They play with, quality national team attacking fullbacks, Fabra (Colombia) and Advíncula (Peru) overlapping a more narrow, compact midfield. Solid goal keeper, Romero who used to play for Manchester United and has almost 100 Argentina caps will be supported by Jorge Figal and most probably Nicolás Valentini in central defense, following the semifinal red for Marcos Rojo.
They play a narrow midfield with Guillermo and Ezequiel Fernández, while Valentín Barco and Medina are given more freedom to break forward.
Edinson Cavani still has good energy, smart movement and poses a good threat in attacking alongside collective fellow Uruguayan Miguel Merentiel.
The midfield options Boca have alongside overlapping fullbacks gives some nice tactical fluidity, but also allows the side to congest the middle of the park. This is something that could prove important against a Fluminense side who often try to build centrally.
Route to the Final
Fluminense finished top of their group on goal difference ahead of River Plate, the great rivals of their final opponents. In the group, they demolished River 5-1 at home but lost 2-0 away in Argentina, a pair of results that show how good they could be at their best but also some of their vulnerabilities.
Round of 16 (after two legs)
Fluminense 3-1 Argentina Juniors
Quarter final (after two legs)
Fluminense 5-1 Olimpia
Semifinals (after two legs)
Internacional 3-4 Fluminense
Boca progressed from probably the easiest group this year, which included Colombian debutants Pereira, Monagas of Venezuela and Chile’s Colo-Colo. They drew to Monagas and were beaten by Pereira. They only conceded 2 over 6 games and scored 9, a number significantly boosted by a final day 4-0 win against Monagas.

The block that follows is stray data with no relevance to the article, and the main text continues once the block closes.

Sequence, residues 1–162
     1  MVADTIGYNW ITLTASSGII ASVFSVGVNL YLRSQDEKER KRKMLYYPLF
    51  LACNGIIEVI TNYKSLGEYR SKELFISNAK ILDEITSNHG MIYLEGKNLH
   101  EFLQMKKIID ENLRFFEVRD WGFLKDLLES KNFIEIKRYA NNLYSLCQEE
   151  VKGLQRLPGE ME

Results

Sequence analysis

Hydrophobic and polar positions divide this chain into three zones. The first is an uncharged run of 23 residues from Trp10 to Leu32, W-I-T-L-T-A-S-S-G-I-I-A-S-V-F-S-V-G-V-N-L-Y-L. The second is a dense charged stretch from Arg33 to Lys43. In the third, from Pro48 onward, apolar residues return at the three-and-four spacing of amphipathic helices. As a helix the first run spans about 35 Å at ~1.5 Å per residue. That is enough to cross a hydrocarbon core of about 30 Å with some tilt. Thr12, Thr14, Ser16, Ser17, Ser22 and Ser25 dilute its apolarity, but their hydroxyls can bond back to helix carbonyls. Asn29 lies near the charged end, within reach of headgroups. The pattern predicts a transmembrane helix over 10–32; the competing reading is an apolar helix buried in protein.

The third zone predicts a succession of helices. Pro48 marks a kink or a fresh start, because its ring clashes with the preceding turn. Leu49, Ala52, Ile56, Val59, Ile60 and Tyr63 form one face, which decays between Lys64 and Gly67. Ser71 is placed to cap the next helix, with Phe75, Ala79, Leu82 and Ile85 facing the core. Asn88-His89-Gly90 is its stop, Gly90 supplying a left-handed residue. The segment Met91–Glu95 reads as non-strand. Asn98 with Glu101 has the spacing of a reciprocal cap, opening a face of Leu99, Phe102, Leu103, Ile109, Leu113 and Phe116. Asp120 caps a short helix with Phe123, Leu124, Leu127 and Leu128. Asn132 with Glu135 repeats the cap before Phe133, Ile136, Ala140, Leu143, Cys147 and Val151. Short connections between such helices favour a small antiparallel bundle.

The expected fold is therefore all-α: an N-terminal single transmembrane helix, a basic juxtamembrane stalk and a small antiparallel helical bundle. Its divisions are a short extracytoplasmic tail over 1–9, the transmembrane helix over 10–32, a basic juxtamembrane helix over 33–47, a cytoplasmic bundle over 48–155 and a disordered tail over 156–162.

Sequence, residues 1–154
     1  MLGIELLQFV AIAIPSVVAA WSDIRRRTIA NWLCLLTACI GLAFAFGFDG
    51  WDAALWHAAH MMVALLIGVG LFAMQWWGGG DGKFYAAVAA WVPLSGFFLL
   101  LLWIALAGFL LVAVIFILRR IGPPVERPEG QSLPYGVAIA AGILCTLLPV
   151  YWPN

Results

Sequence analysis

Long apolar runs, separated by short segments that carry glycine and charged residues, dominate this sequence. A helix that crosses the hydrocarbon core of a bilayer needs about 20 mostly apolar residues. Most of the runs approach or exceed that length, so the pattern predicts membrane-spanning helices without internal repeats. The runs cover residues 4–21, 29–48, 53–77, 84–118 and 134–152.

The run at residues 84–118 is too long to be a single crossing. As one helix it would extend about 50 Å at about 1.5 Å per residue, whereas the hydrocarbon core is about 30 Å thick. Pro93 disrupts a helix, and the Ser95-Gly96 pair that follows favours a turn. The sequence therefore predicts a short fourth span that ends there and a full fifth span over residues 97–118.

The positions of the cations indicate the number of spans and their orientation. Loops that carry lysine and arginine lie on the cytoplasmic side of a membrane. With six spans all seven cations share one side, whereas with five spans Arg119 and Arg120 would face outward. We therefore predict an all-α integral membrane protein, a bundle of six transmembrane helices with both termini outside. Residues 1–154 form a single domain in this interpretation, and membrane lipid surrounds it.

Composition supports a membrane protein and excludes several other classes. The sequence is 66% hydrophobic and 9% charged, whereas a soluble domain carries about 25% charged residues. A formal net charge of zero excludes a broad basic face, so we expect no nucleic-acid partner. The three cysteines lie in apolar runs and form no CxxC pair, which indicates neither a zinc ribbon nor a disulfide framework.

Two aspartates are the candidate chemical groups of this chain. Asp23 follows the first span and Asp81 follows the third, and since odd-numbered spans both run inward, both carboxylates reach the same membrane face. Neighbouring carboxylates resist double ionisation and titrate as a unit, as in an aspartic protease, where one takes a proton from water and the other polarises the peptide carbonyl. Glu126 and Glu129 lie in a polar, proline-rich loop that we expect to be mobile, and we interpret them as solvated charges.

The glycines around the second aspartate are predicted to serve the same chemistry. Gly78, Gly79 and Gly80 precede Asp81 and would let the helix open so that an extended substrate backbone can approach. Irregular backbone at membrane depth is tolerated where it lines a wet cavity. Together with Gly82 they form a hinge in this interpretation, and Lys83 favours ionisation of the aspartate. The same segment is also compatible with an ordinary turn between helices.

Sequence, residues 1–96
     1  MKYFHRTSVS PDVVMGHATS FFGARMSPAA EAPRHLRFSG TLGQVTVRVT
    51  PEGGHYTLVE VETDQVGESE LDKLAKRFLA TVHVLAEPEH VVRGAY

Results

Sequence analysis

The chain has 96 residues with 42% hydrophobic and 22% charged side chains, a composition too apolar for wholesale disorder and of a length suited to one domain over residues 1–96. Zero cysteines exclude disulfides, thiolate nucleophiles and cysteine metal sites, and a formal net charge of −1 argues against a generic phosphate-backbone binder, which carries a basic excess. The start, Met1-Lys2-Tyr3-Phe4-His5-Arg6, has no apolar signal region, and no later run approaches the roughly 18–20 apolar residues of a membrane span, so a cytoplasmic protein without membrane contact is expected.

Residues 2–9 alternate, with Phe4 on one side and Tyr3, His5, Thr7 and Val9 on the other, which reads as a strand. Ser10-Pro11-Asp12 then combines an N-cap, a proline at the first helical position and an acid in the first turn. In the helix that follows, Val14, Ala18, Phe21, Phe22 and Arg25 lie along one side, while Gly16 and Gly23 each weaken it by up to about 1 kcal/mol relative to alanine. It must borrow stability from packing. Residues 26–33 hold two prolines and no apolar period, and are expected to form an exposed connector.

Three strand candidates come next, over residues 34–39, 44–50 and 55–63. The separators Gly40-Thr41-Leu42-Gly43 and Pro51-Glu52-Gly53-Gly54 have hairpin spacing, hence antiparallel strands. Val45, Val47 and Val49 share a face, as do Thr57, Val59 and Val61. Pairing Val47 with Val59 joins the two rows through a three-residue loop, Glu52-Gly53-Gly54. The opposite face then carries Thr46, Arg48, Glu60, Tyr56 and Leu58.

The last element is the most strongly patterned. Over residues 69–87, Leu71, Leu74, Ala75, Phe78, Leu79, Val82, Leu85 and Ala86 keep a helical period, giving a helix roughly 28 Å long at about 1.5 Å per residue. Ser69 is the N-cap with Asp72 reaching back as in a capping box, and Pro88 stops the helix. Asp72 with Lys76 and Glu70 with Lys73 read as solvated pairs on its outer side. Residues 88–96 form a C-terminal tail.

Round of 16 (after two legs)
Boca Juniors 2-2 Nacional – win on penalties
Quarter-final (after two legs)
Boca Juniors 0-0 Racing Club – win on penalties
Semifinals (after two legs)
Boca Juniors 1-1 Palmeiras – win on penalties
History in the Competition
Fluminense is a big, important, historic club in South American soccer but they have had very limited international successes and their domestic triumphs has been much more regional than national within Brazil.
They have won 33 Carioca Championships, including 2022 and 2023, but they have only won the Copa do Brasil once (2007) and the Brazilian league four times (1970, 1984, 2010, 2012). In 1952 they beat Corinthians in the final of the Copa Rio, the first ever international club competition to include South American and European teams.